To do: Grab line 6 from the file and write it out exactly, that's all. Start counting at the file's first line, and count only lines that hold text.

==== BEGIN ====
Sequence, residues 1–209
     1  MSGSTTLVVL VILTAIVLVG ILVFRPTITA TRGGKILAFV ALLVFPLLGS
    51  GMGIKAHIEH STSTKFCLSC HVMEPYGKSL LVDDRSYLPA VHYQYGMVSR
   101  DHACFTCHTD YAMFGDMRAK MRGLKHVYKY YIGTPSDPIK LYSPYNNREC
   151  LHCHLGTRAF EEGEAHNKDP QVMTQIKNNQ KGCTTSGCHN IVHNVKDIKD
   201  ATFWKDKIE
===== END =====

   201  ATFWKDKIE